Fifteen civil rights groups launched a major campaign on Monday calling on Congress to investigate how Amazon and its home surveillance company Ring violate civil liberties, particularly through partnerships with law enforcement.
Last week, senators Ron Wyden (D-OR), Chris Van Hollen (D-MD), Ed Markey (D-MA), Gary Peters (D-MI), and Chris Coons (D-DE) wrote a letter to Jeff Bezos questioning how Amazon protects Ring’s security data and whether its surveillance system can be hacked by foreign governments or other third parties. The senators’ letter was a response to Senator Markey’s recent inquiry into how Amazon protects data collected from Ring’s electronic doorbells. Last week, Markey published the inquiry's findings—which included, for example, that Ring has no policies about how long police can keep footage—expressing strong concern that "Amazon Ring's policies are an open door for privacy and civil liberty violations."
Now, civil rights groups (including Fight for the Future, Media Justice, Color of Change, CREDO Action, and the Council on American-Islamic Relations-SFBA) are insisting that Congress launch a deeper investigation. This week, the groups will use their networks to call and email legislators highlighting the dangers that Ring’s partnerships with over 400 police departments in the United States pose to black and brown communities vulnerable to surveillance.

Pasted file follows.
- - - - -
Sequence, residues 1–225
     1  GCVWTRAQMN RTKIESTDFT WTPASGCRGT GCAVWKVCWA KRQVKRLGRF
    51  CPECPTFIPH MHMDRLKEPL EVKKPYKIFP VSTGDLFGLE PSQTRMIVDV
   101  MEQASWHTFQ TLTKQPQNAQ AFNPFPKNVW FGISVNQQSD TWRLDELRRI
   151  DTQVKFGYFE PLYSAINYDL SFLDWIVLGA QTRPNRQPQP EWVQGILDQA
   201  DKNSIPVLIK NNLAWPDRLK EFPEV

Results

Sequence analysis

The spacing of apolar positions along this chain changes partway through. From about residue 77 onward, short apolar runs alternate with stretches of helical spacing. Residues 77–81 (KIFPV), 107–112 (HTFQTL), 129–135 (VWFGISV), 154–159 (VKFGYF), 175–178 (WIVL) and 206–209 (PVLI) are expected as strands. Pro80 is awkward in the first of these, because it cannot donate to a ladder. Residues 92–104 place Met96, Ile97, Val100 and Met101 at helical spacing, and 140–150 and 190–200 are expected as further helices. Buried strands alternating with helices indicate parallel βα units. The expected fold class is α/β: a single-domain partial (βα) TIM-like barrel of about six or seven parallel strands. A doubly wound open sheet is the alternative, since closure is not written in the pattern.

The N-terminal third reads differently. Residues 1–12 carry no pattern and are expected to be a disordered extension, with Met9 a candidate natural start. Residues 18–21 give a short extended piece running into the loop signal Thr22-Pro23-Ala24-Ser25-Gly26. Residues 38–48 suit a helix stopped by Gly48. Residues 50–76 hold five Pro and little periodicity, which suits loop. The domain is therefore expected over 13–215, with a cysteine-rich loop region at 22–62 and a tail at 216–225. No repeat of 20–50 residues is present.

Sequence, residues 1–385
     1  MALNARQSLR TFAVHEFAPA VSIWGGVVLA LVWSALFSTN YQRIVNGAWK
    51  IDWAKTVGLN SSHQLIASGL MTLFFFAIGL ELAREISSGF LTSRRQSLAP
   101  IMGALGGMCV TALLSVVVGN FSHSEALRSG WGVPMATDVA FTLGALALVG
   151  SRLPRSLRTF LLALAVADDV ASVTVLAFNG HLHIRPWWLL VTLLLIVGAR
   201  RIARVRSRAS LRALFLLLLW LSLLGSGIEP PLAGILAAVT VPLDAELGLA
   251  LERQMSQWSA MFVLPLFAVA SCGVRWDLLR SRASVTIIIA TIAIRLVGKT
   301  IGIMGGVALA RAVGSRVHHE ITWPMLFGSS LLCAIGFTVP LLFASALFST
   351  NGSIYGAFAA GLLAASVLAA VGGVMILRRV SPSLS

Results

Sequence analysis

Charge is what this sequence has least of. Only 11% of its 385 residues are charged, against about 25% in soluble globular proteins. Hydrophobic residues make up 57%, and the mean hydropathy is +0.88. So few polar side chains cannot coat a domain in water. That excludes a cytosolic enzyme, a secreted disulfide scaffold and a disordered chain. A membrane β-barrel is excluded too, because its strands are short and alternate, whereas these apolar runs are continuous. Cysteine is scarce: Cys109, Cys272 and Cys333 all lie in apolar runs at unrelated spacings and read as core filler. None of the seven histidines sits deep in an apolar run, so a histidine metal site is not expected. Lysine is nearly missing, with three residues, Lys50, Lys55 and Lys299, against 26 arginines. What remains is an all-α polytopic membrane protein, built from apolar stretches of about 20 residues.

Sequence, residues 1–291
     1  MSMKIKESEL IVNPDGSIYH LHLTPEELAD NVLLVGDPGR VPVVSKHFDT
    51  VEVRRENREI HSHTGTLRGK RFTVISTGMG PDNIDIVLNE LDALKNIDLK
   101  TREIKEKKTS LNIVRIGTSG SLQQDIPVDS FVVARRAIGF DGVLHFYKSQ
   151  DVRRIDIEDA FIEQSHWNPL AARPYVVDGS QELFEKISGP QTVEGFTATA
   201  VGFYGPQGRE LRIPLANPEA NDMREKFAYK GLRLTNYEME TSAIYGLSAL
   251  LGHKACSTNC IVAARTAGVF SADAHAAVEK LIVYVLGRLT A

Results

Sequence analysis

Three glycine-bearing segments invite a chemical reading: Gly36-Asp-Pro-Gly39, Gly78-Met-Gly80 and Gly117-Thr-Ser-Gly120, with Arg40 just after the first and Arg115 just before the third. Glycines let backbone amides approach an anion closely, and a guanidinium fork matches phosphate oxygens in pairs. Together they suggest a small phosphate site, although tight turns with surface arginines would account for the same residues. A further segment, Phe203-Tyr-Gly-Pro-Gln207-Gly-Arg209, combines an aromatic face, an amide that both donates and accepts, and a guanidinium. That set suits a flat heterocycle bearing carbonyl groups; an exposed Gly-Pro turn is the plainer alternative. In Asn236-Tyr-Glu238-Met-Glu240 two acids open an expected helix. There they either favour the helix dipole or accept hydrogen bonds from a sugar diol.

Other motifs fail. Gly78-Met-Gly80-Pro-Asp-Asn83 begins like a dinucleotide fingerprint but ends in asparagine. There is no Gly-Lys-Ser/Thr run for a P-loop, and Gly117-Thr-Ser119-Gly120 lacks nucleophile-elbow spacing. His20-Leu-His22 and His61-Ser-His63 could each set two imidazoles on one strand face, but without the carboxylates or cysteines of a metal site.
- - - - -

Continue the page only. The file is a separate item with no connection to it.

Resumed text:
Part of the campaign's intention is to have consumers think twice before they purchase Ring products during the holidays, said Evan Greer, deputy director of Fight for the Future.
“During this holiday season, people are going to buy Amazon’s product unaware of the surveillance features and the threats they pose to their personal data and civil liberties,” Greer said. “At this point, lawmakers need to escalate the investigation and hold hearings demanding answers and accountability from Amazon when it comes to their surveillance empire and monopolistic business practices.”
As reported by Motherboard, racial profiling is prevalent on Ring’s neighborhood watch app Neighbors. Our investigation of user-submitted posts within a five mile radius of the VICE’s Brooklyn offices found that the overwhelming majority of people reported as “suspicious” were people of color. Ring also tells police how to convince people to share their camera footage with police departments.
Beyond Ring’s warrantless mass surveillance of millions of American homes and neighborhoods, the organizations demanding an investigation are concerned about how Amazon’s Alexa records conversations, and how the company’s facial recognition technology identifies and tracks the movements of people in vulnerable communities.
“Amazon’s ever-expanding surveillance empire threatens our privacy and civil liberties, especially in brown and black communities already vulnerable to racial profiling and heightened surveillance,” the groups say.
"Amazon devices are in our homes listening to our most intimate conversations and affixed to front doors where they create an in-real-time record of all that happens in our neighborhoods," said CAIR National Senior Litigation Attorney Gadeir Abbas. "This pervasiveness, combined with Amazon's privacy-averse disposition, creates an unprecedented threat to the civil liberties of all Americans."
Amazon and Ring did not immediately respond to a request for comment.